Weather delays Lincoln Eastern Bypass, but highways boss says it’ll be worth it

Lincolnshire County Council’s highways boss has said he is “extremely relaxed” when it comes to potential delays to the £120 million Lincoln Eastern Bypass caused by recent wet weather.

Councillor Richard Davies, executive member for highways, confirmed the scheme opening could be delayed due to the “extremely wet” weather in the run up to Christmas and the forecast for coming weeks.

“When you’ve got two or three feet of standing water it’s inevitable there are going to be delays. As we’re already in the middle of the winter it’s too early to say what that’s likely to be.

“The warning forecast-wise generally isn’t great for the next month, we’ve got some very bad weather coming in, so I wouldn’t be surprised if we see the scheme opening delayed.”

He said, however, it would be a “matter of weeks, rather than months” with the true length known for certain once drier weather came about.

Lincolnshire county councillor, Richard Davies, at the Lincoln Eastern Bypass construction site. Photo: Steve Smailes for The Lincolnite

He said he was “extremely relaxed when you’ve waited 80 years for the road.

“It’s probably, according to the Department For Transport, the most complicated, and largest infrastructure scheme any local authority is working on in the country at the moment.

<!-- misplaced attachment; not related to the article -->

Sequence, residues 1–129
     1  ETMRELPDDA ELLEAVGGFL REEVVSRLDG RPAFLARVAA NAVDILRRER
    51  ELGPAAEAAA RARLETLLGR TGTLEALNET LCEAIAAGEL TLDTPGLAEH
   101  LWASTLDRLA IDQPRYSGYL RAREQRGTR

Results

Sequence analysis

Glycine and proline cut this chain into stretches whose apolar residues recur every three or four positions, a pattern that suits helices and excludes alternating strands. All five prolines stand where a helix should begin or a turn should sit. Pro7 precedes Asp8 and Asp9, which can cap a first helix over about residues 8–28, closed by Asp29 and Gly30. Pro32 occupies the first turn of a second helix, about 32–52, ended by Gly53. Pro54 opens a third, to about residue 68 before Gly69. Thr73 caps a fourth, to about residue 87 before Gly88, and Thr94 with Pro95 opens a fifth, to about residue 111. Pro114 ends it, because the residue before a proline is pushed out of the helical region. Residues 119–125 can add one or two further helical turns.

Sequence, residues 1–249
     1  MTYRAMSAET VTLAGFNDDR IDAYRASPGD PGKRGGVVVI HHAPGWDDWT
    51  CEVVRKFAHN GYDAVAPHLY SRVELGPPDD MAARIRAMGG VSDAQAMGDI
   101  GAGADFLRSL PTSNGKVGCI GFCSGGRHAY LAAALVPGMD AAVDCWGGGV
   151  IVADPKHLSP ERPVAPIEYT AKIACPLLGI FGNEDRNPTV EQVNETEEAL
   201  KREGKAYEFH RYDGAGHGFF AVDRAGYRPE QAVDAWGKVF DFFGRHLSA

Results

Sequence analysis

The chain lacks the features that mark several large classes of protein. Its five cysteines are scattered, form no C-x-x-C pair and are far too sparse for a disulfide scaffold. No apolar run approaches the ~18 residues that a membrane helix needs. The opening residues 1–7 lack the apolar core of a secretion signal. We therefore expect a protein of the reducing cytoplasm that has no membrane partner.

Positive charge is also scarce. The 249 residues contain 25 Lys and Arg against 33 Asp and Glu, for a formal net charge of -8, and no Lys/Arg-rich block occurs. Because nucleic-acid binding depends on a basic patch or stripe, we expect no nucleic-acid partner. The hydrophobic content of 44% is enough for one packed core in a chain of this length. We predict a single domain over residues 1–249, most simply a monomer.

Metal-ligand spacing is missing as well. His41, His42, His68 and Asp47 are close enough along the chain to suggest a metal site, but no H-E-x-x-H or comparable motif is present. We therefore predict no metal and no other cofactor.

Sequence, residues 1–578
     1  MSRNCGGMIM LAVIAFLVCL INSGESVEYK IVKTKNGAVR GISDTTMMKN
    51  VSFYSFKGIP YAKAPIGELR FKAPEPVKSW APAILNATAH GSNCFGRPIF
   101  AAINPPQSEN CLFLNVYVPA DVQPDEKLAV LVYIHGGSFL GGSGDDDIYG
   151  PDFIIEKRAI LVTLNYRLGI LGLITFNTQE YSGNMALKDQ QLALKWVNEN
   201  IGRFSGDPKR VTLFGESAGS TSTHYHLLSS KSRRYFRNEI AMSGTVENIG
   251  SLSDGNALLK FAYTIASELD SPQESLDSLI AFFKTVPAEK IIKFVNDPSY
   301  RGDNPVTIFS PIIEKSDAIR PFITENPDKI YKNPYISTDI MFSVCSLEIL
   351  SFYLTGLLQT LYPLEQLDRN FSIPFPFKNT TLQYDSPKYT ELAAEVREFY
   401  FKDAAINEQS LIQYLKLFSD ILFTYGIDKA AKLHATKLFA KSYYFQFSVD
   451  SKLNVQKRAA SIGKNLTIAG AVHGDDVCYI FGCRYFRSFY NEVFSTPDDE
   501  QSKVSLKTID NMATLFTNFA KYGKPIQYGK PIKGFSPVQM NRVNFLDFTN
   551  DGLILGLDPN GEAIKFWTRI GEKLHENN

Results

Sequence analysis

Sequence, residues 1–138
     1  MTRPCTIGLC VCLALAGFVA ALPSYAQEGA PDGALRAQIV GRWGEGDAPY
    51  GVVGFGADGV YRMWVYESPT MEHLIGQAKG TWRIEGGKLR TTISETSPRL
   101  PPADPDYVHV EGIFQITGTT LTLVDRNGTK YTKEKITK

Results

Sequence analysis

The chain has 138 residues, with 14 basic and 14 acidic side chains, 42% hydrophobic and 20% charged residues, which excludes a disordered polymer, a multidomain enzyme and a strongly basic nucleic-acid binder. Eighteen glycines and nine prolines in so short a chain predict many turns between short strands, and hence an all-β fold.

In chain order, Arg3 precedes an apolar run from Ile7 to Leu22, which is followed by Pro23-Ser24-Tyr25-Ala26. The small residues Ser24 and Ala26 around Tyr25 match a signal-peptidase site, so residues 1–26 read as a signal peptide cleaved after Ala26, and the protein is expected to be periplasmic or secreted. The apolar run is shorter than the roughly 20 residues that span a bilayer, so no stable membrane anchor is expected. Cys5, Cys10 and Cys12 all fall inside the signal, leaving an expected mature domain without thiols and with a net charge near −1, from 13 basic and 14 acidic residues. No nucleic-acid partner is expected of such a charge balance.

“I’m proud that we’re on track. I’m very pleased that despite the setbacks the scheme has had – such as the Carrilion and Hawk collapse – we’ve managed to remain on track.

“Mother Earth likes to put challenges in our way from time to time and anybody who’s got any experience of construction will know that when you get a lot of water standing sometimes you can’t do anything. I’m pretty relaxed about it.”

Councillor Davies did not foresee any extra costs due to the delay unless there was, for instance, “nine foot of snow”.

However, he added: “The reality is this is a scheme that has been nearly a century in the coming, we need to move the A15 away from spitting distance of one of the finest buildings in the country in terms of the cathedral.

“We’ve got to provide a route for people to get north and south of the county without having to drive slap bang through the middle of Lincoln, so you know what if it’s a few weeks, couple of months late I’m very relaxed about that.”

The road is estimated to be completed in Spring 2020.


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